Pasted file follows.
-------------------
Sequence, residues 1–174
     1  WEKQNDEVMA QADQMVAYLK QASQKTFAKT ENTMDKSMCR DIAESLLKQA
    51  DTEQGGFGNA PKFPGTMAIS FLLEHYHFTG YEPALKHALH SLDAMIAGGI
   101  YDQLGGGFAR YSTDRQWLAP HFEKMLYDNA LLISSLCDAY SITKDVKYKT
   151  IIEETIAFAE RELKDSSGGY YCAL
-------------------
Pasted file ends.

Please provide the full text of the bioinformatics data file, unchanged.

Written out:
Sequence, residues 1–174
     1  WEKQNDEVMA QADQMVAYLK QASQKTFAKT ENTMDKSMCR DIAESLLKQA
    51  DTEQGGFGNA PKFPGTMAIS FLLEHYHFTG YEPALKHALH SLDAMIAGGI
   101  YDQLGGGFAR YSTDRQWLAP HFEKMLYDNA LLISSLCDAY SITKDVKYKT
   151  IIEETIAFAE RELKDSSGGY YCAL